The secret to convincing students that they need the information you intend to teach them, according to George Loewenstein, is to start by highlighting the knowledge they are missing. Another technique is to start a lesson by asking students to make a prediction. 

Make it concrete

Another tip for revising your schemes of work is to ensure your ideas “stick” by making them tangible. Students find it hard to care about or understand abstract concepts. Instead, try to make ideas concrete by grounding them in sensory reality. The more sensory “hooks” you use, the better the ideas will stick.

Take, for example, Jane Elliott’s famous “blue-eyed/brown-eyed” experiment with third grade students the day after Martin Luther King had been assassinated in 1968. The purpose of the exercise was to teach her students the effects of belonging to a minority. First, Elliott had a class discussion about racism but said she “could see that (the students) weren’t internalising a thing”. Instead, “they were doing what White people do ... when White people sit down to discuss racism ... (they experience) shared ignorance”.

Most of Elliott’s students were, like her, born and raised in a small town in Iowa, and were not normally exposed to Black people. She felt that simply talking about racism would not allow her all-White class to fully comprehend its meaning and effects.

Accordingly, she divided the class into the brown-eyed and the blue-eyed children. She said the blue-eyed children were the superior group, provided brown fabric collars and asked the blue-eyed students to wrap them around the necks of their brown-eyed peers as a method of easily identifying the minority group.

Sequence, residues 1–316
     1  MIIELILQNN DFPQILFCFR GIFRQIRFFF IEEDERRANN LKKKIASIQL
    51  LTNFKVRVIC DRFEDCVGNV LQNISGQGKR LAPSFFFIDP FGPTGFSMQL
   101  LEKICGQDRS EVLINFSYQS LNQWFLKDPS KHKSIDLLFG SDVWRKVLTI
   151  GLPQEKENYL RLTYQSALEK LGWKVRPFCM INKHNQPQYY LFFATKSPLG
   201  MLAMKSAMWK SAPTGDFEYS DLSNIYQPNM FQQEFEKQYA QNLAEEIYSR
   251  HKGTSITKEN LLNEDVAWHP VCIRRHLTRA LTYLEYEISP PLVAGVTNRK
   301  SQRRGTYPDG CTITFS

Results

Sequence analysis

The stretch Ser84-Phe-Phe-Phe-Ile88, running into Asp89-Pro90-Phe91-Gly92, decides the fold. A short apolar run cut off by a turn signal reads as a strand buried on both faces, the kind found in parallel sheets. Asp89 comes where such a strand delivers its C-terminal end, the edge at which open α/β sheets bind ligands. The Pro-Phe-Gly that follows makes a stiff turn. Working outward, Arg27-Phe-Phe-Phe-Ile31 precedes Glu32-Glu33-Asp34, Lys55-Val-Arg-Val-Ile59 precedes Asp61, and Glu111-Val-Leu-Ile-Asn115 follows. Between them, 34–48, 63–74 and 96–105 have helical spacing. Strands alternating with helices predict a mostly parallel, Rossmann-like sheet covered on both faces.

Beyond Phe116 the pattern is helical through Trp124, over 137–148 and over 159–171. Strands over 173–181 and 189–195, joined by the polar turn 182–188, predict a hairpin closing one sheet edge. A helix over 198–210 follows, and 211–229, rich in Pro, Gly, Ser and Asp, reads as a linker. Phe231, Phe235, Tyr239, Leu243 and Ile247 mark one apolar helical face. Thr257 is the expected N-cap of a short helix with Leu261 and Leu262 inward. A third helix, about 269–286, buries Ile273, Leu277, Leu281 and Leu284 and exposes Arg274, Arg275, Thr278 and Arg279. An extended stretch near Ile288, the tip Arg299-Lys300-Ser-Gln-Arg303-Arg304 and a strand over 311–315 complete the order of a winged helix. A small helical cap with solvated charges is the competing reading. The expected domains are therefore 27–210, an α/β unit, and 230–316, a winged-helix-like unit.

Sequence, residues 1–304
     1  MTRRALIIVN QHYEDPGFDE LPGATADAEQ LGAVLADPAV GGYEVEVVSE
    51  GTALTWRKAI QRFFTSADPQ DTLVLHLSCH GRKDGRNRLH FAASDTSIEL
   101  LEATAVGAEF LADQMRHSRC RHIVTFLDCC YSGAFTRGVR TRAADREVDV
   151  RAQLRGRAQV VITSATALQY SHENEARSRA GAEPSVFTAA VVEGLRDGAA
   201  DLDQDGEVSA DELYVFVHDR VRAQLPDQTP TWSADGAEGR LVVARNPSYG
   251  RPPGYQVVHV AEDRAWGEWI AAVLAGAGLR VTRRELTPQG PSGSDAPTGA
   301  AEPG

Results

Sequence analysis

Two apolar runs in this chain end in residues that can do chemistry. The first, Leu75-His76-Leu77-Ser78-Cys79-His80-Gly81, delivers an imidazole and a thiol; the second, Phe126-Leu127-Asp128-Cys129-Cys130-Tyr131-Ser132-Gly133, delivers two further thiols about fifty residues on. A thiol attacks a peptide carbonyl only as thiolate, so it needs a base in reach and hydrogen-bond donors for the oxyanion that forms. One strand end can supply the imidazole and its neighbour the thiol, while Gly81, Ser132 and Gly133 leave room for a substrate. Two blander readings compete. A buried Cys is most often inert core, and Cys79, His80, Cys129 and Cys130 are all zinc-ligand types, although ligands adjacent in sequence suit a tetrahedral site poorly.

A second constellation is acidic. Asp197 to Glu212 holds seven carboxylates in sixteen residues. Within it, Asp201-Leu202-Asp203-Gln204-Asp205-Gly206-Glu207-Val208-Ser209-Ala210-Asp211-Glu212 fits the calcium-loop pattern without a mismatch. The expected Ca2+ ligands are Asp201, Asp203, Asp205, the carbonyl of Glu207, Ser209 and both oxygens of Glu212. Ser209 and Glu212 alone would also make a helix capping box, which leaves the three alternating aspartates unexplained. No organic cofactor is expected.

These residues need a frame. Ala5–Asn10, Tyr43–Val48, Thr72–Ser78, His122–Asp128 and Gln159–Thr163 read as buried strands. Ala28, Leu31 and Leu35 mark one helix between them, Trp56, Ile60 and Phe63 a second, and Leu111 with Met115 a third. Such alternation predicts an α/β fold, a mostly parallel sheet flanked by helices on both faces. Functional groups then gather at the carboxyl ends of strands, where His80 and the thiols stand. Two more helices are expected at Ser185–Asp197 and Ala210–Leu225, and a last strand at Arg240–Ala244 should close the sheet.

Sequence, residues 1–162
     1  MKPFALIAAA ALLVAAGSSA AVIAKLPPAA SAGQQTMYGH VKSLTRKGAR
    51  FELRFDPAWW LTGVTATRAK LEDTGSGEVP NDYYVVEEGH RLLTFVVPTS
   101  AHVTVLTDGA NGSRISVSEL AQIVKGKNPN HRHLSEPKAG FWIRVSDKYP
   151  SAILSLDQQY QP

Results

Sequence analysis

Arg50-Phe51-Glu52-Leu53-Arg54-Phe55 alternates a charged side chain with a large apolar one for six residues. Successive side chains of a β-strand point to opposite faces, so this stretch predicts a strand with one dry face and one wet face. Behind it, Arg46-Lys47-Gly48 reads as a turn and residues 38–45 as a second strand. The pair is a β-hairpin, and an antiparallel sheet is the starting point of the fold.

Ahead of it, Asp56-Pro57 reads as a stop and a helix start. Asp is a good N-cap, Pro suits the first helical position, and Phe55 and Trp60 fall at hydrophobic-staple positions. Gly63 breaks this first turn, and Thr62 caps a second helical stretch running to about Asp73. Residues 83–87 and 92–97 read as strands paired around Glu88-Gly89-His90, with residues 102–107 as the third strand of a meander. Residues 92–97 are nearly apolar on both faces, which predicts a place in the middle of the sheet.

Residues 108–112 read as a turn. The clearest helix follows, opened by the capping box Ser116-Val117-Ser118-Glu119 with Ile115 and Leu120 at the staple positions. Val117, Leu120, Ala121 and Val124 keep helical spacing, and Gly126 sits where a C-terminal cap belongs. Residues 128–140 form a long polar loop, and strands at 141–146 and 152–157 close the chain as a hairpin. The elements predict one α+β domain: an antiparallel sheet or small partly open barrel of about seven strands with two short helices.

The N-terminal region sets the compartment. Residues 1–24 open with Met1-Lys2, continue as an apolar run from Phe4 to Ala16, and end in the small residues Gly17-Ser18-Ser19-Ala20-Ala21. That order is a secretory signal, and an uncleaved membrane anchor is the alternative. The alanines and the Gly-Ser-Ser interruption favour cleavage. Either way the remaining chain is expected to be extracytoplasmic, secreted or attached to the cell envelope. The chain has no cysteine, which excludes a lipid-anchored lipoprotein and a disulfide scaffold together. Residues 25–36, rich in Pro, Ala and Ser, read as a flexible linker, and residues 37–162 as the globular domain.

She gave the blue-eyed children extra privileges, such as second helpings at lunch, access to the new jungle gym, and five extra minutes at recess. The blue-eyed children sat in the front of the classroom, and the brown-eyed children were sent to sit in the back rows. 

The blue-eyed children were encouraged to play only with other blue-eyed children and to ignore those with brown eyes. Elliott often chastised the brown-eyed students when they did not follow the exercise’s rules. At first, there was resistance among the students in the minority group to the idea that blue-eyed children were better, but eventually those who were deemed “superior” became arrogant, bossy and otherwise unpleasant to their “inferior” classmates.

Their grades also improved, doing mathematical and reading tasks that had seemed outside their ability before. The “inferior” classmates also transformed into timid and subservient children who even during recess isolated themselves, including those who had previously been dominant in the class. These children’s academic performance suffered, even with tasks that had been simple before.

Once she had concluded the experiment, she asked the children to reflect by writing down what they had learned and it became clear that her students had come to deeply understand racism because Elliot had made it feel real, she had grounded an abstract concept in sensory reality and thus engaged her students’ emotions.

If students are made to care about something, they are made to feel something and this is an important part of the learning process, because when our brains are exposed to new information, they process it then attempt to connect it to existing information (in other words, brains try to assimilate new knowledge with prior knowledge). The richer – sensorily and emotionally – the new information is, and the deeper the existing information is engrained, the more strongly new information will be encoded into memory. 

When revising your schemes of work, therefore, obey the maxim “show don’t tell” wherever possible. Telling students something means you do all the work for them; showing them means they have to work for themselves.